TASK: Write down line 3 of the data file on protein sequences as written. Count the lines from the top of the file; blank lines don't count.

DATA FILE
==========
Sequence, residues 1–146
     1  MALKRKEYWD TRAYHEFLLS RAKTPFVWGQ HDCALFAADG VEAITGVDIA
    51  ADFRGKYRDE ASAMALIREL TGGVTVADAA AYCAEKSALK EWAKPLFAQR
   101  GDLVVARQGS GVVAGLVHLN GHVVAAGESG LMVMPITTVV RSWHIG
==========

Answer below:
    51  ADFRGKYRDE ASAMALIREL TGGVTVADAA AYCAEKSALK EWAKPLFAQR